|1987 NCAA Division I-AA season|
|Payton Award||Kenny Gamble (RB, Colgate)|
|Duration||November 28–December 19|
|Championship date||December 19, 1987|
|NCAA Division I-AA football seasons|
The 1987 NCAA Division I-AA football season, part of college football in the United States organized by the National Collegiate Athletic Association at the Division I-AA level, began in August 1987, and concluded with the 1987 NCAA Division I-AA Football Championship Game on December 19, 1987, at the Minidome in Pocatello, Idaho. The Northeast Louisiana Indians (known as the Louisiana–Monroe Warhawks since 2006) won their first I-AA championship, defeating the Marshall Thundering Herd by a final score of 43–42.
Conference changes and new programs
- The Gulf Star Conference folded after the 1986 season when four of its founding members, Northwestern State, Sam Houston State, Southwest Texas State, and Stephen F. Austin, joined the Southland Conference. The Gulf Star's remaining football member, Nicholls State, opted to become an Independent. Three former Southland Conference members, Arkansas State, Lamar, and Louisiana Tech, moved to D-IAA Independent status following their joining the newly formed, non-football, American South Conference as charter members.
Big Sky Conference – Idaho
Four teams were seeded in the 16-team bracket; Appalachian State, Northeast Louisiana, Northern Iowa, and Idaho, who were seeded first through fourth, respectively. Undefeated and top-ranked Holy Cross, featuring Heisman Trophy candidate Gordie Lockbaum, did not participate in the postseason, per the rules of their conference, the Colonial League (known as the Patriot League since 1990).
The Mid-Eastern Athletic Conference (MEAC) conference champion Howard Bison, who finished their regular season with a 9–1 record but did not receive an invitation to the I-AA playoffs, filed a lawsuit against the NCAA and sought a temporary restraining order to delay the start of the playoffs. The lawsuit asserted "unlawful and racially motivated reasons" for the team being passed over. Two days later, the request for a temporary restraining order was rejected by United States federal judge John Garrett Penn. Howard then advocated that they, plus three other teams, should be added to the second round of the playoffs; the proposal was rejected by the NCAA, who said that Howard had played a weak schedule. In September 1989, MEAC stripped Howard of their 1987 conference championship, retroactively awarding it to Delaware State, after finding that Howard had used some players beyond their four years of NCAA eligibility.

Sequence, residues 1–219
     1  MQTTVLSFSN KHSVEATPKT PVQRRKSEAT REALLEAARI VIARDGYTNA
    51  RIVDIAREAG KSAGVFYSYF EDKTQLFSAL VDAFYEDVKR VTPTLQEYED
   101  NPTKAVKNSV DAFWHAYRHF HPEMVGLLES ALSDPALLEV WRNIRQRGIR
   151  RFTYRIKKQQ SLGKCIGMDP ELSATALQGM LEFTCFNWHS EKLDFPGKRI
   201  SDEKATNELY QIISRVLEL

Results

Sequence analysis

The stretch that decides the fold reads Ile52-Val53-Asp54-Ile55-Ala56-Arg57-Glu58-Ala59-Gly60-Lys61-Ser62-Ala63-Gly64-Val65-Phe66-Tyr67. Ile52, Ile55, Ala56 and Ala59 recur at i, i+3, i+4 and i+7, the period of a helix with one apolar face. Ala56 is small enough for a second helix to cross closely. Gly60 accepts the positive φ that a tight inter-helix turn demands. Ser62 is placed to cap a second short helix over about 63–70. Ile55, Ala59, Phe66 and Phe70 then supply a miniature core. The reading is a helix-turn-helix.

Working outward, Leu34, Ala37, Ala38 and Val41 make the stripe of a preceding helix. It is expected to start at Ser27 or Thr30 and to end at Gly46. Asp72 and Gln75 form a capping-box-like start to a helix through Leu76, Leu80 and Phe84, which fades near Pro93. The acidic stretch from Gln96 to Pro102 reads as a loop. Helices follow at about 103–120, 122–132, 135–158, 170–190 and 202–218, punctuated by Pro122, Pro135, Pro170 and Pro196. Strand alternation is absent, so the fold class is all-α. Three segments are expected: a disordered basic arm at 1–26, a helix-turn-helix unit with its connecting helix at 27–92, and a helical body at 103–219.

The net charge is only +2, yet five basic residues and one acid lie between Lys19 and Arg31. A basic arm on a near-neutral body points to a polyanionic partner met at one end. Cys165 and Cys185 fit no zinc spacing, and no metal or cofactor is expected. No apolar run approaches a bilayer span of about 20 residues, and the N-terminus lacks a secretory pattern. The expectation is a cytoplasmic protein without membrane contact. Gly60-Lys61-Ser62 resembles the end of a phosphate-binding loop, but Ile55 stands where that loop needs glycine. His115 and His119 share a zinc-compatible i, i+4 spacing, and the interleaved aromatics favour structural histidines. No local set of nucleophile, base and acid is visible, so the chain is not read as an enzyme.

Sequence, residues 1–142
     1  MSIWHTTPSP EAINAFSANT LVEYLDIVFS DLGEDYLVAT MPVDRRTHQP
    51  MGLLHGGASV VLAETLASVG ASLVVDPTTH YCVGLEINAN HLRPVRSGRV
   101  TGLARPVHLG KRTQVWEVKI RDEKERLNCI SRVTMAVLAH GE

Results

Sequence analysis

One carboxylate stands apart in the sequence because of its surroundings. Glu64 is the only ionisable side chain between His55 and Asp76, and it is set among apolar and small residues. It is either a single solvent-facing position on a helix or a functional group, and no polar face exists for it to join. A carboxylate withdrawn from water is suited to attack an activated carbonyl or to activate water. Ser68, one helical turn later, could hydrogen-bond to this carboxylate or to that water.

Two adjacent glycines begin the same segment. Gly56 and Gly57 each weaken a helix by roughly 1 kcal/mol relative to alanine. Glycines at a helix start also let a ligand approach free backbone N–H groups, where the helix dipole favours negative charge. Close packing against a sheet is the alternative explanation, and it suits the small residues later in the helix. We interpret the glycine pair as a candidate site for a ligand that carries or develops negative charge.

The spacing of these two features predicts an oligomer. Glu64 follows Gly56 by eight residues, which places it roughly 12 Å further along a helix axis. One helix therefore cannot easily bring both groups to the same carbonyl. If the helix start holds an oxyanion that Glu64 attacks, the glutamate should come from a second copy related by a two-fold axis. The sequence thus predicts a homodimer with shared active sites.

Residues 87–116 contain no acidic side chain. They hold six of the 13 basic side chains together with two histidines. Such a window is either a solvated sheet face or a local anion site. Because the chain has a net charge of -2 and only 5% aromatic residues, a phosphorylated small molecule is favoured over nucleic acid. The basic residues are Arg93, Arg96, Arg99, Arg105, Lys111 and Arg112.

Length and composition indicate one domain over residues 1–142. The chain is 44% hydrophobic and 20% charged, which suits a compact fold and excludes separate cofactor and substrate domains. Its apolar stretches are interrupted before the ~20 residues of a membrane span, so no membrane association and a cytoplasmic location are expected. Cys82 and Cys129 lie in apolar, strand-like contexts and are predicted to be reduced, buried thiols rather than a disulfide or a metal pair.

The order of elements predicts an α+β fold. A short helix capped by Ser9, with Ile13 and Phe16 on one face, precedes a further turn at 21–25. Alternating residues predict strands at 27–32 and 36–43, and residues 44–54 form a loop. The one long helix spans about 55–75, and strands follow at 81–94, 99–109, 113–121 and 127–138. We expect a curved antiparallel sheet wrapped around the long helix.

NCAA Division I-AA Playoff bracket
|National Championship Game |
|(1) Appalachian State*||20|
|(1) Appalachian State*||19|
|(1) Appalachian State*||10|
|(2) Northeast Louisiana||43|
|North Texas State||9|
|(2) Northeast Louisiana*||30|
|(2) Northeast Louisiana*||33|
|(2) Northeast Louisiana*||44**|
|(3) Northern Iowa||41|
|(3) Northern Iowa*||31|
|(3) Northern Iowa*||49|
* Next to team name denotes host institution
* Next to score denotes overtime periods
- "1987 NCAA Division I Football Championship" (PDF). NCAA.org. p. 14. Retrieved December 29, 2013.
- "Southland foes meet in playoffs". The Town Talk. Alexandria, Louisiana. November 23, 1987. p. B-1. Retrieved February 13, 2019 – via newspapers.com.
- "Div. I-AA poll". The San Francisco Examiner. November 24, 1987. p. F-6. Retrieved February 13, 2019 – via newspapers.com.
- "Lockbaum now waits to hear from pros". Pittsburgh Post-Gazette. AP. November 21, 1987. p. 12. Retrieved February 13, 2019 – via newspapers.com.
- "Howard University files suit vs. NCAA". The Santa Fe New Mexican. AP. November 26, 1987. p. C-1. Retrieved February 13, 2019 – via newspapers.com.
- "Judge Orders Playoffs In Division I-AA To Go On". St. Louis Post Dispatch. AP. November 28, 1997. p. 5C. Retrieved February 13, 2019 – via newspapers.com.
- "Howard plans pursuing suit". Indianapolis News. December 1, 1987. p. B-6. Retrieved February 13, 2019 – via newspapers.com.
- "MEAC strips Howard of Division I-AA title". Sun-Sentinel. Fort Lauderdale, Florida. September 26, 1989. p. 2C. Retrieved February 13, 2019 – via newspapers.com.